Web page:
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Understanding China's One Belt, One Road Plan
China this week showcased its ambitious plan to revive the Silk Road trade route before more than two dozen world leaders at a Beijing forum dedicated to President Xi Jinping's One Belt, One Road initiative.
Launched in 2013, the project is widely seen as Beijing's bid to expand its global economic and political influence with highway and maritime trade links to Europe, Africa, and Asia.
China is touting the massive project, which involves more than 60 countries and could cover nearly two-thirds of the world's population and one-third of global gross domestic product, as a catalyst for peace and trade liberalization.
But the feasibility of the initiative remains unclear, says Theresa Fallon, a China expert at the European Institute for Asian Studies, a Brussels-based research group. She spoke to RFE/RL's Carl Schreck about the potential geopolitical and economic impact of the trade initiative, and the prospects that China can pull it off.
RFE/RL: Given the massive planned investments and the sprawling geography involved, how viable is the One Belt, One Road initiative?
Theresa Fallon: That's a really good question, because even the Chinese declare that it's ambiguous as well as ambitious...The One Belt One Road project, or the Belt And Road Initiative, as it's been rebranded, is kind of an all-encompassing project. So old projects that were successful are folded into the narrative. That way it guarantees that they're a success.
For example, what happened in Kazakhstan with the building of the first oil pipeline away from the Russian monopoly Transneft. [It] took place -- it was agreed to do it -- in 1997. It was built in three stages, and it went from Kazakhstan to China. And that's considered part of the Belt And Road initiative. So it almost predates [the initiative] by over a decade. So old projects [and] new projects are all kind of wrapped into the Belt And Road initiative, and it gives a very positive narrative.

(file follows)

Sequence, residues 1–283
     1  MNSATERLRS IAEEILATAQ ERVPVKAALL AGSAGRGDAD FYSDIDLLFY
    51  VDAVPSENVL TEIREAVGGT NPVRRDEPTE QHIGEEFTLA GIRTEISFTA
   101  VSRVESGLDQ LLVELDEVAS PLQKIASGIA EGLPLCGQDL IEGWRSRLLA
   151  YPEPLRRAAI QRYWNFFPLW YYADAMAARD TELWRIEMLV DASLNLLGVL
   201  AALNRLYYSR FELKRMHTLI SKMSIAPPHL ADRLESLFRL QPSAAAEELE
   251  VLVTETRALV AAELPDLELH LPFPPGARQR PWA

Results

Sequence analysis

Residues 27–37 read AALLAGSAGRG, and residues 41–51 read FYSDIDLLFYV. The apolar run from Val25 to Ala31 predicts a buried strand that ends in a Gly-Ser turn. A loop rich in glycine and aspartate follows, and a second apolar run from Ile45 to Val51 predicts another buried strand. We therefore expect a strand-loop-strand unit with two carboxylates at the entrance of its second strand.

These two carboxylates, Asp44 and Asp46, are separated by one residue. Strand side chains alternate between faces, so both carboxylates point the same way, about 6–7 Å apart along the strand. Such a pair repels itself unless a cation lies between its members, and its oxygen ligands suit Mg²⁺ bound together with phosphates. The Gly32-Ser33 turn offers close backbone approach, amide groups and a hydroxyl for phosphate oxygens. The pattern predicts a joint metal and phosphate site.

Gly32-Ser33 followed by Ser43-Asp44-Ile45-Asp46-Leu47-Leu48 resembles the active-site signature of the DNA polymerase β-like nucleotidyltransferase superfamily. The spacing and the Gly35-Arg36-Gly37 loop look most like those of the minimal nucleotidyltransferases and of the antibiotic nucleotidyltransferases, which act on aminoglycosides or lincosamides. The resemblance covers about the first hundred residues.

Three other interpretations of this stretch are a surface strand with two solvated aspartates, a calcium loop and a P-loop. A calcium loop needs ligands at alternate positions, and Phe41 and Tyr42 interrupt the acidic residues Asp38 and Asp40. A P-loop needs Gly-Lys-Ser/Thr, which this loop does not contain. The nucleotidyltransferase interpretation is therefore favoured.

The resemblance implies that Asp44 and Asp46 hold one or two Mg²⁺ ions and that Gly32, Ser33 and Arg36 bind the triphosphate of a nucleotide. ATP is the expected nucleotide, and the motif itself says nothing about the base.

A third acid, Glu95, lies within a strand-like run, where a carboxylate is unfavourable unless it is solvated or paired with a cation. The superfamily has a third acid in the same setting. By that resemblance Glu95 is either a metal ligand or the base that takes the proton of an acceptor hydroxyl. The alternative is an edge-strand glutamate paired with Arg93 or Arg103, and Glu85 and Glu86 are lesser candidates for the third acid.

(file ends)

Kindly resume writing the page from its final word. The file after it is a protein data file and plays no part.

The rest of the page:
RFE/RL: What impact could it have on Central Asia?
Fallon: In Central Asia, there are concerns that it's kind of peaked -- the issues that China was interested in, for example: investment in uranium and gas in Uzbekistan. The Turkmen [natural-gas] pipeline has already been built. So these big megaprojects have happened.
Privately, Russians will tell you they are very concerned about [the Silk Road initiative], but publicly they put on a very brave face.
Although improving rail links and connectivity could be very beneficial for the region because the average speed of rail is extremely low,... China's investment in that area could be beneficial for connecting these various economies. But some are concerned that the trains will just go through Central Asia and bring these goods to Europe and not really help Central Asian economies as much.
But there are projects happening on the ground -- some beneficial, some economic investment failures. But the big megaprojects seem to be tapering off a bit.
RFE/RL: What problems has China faced so far with the initiative?
Fallon: The Chinese have a very bad record on their investments. There are many, many failures along the way. In the early days of the Belt And Road Initiative, it was easy to get Chinese bank loans if you said: "This is a Belt And Road project."
So it seemed to have the imprimatur of the Xi Jinping administration, and it was very easy to get a loan if you were going to do some sort of project along the Silk Road. They didn't have a lot of risk analysis, or cost-benefit analysis, so these projects failed.
So there's a lot of what we call "white elephants." or the local people call "red elephants," along the Silk Road: projects that never took off, or were just abandoned or useless.
RFE/RL: What role could the United States have?
Fallon: U.S. companies want to get in on this. It sounds great; the Chinese narrative is very powerful; it looks like all these building projects are going to take place. U.S. companies want to get a piece of the pie.